France may close as many as 17 reactors by 2025 as it seeks to reduce the share of nuclear power in its electricity mix. Julian Satterthwaite reports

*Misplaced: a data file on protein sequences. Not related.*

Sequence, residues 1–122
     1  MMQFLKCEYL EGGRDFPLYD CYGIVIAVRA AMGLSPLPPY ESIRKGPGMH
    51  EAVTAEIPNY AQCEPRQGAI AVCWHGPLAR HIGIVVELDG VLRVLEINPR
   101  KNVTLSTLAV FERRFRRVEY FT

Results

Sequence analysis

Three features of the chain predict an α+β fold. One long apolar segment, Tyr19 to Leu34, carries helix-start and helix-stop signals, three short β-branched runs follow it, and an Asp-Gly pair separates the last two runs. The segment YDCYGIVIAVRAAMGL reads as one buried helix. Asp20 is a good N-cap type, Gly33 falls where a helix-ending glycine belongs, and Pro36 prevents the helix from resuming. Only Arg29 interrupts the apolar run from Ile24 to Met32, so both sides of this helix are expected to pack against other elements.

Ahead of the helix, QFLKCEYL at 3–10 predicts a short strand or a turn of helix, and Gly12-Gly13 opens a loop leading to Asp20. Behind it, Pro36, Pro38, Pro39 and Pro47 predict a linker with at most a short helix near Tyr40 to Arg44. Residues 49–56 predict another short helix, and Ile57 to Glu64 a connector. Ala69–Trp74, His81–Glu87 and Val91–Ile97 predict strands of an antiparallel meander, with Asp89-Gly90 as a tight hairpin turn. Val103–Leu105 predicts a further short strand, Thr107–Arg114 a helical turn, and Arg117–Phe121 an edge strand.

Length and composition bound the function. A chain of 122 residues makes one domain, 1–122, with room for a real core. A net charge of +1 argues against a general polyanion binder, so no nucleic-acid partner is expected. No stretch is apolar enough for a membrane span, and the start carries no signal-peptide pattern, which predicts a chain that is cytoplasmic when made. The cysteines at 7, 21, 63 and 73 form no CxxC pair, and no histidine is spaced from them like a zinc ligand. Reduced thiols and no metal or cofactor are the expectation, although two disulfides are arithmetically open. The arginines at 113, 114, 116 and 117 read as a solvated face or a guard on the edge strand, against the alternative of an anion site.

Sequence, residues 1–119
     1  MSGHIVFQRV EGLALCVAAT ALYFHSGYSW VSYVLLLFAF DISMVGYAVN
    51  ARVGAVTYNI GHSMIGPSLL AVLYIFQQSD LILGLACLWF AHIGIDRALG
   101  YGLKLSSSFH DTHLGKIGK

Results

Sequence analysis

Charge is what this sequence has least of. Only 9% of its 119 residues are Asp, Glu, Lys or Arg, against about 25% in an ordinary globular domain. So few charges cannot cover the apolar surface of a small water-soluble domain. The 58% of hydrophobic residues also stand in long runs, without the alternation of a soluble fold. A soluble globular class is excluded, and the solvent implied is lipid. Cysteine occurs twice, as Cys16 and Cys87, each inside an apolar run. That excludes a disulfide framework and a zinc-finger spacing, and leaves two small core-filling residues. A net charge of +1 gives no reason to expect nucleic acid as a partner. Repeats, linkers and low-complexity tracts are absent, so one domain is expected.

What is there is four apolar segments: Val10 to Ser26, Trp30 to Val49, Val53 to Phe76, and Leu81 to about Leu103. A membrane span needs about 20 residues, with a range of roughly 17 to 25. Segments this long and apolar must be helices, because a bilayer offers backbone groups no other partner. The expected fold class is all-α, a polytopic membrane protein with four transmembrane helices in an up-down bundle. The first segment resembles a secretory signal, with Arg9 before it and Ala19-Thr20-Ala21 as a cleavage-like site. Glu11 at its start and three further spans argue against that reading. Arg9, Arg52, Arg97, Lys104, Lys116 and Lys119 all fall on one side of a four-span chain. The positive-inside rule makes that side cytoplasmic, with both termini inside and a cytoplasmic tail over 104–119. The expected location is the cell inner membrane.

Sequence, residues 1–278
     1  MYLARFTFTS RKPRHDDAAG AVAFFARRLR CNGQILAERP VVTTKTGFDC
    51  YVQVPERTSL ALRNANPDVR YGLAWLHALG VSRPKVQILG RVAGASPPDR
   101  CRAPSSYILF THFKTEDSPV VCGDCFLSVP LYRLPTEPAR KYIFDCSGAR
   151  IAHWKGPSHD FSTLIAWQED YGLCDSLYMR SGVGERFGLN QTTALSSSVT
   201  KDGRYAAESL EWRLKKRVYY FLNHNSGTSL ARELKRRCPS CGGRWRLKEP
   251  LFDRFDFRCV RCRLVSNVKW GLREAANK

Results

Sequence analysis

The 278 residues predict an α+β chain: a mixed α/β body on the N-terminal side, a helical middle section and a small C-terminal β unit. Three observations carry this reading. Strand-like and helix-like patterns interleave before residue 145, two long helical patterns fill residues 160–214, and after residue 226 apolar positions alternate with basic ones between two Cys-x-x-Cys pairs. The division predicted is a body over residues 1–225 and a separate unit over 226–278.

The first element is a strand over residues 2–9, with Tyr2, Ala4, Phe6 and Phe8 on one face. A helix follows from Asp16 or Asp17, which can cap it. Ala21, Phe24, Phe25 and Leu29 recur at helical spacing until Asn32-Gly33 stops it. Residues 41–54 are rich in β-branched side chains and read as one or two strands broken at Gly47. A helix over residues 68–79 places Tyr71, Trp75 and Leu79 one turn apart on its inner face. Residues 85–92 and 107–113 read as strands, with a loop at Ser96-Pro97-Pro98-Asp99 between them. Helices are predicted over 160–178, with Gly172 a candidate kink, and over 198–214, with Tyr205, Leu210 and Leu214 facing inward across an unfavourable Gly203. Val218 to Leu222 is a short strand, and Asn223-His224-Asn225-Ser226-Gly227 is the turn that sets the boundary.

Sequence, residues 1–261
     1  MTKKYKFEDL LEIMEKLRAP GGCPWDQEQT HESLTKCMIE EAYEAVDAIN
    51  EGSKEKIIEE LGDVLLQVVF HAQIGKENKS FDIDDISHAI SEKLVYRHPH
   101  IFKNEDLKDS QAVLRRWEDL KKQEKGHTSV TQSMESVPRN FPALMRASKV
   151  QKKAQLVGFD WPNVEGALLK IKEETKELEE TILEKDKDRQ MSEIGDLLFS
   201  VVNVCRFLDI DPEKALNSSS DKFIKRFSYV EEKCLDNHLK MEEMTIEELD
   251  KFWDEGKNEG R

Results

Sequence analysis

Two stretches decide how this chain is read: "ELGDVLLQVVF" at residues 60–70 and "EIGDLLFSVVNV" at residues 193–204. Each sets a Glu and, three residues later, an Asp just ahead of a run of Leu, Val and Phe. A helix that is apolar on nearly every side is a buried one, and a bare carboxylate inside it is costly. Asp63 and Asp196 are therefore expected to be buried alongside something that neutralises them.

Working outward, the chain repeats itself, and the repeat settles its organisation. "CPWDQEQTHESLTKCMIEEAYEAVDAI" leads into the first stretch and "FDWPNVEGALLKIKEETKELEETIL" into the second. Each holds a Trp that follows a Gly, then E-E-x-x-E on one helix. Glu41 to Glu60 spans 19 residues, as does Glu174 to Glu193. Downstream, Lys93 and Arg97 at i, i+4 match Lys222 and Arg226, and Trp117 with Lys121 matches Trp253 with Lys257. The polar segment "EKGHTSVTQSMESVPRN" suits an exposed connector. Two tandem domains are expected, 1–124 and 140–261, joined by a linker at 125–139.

A big shift for a country that has long relied on atomic power. The announcement was made by the country's environment minister. Speaking on RTL radio, Nicholas Hulot said he would stick with a goal set, but not achieved, by the previous government. That being to cut nuclear's share of French electricity needs from 75 percent to 50%. (SOUNDBITE) (French) FRENCH MINISTER OF ECOLOGICAL AND SOCIAL TRANSITION, NICOLAS HULOT, SAYING: "Everyone can understand that to reach this, we will close a certain number of reactors and not only one reactor which by the way has not been closed yet. So please let me plan things, it can amount up to seventeen reactors, we'll have to take a closer look" France is a major electricity exporter in Europe and has long been reliant upon nuclear power. The country currently has 58 reactors. But for many years, it has wanted to reduce the amount of nuclear waste it produces and the subsequent risk of contamination. And make room for cleaner renewables in the energy mix. Previous president François Hollande also promised to cut nuclear power to share to fifty percent. He only managed to finalise a plan to close the country's oldest reactor, at Fessenheim in Alsace, just before leaving office. It still hasn't closed down.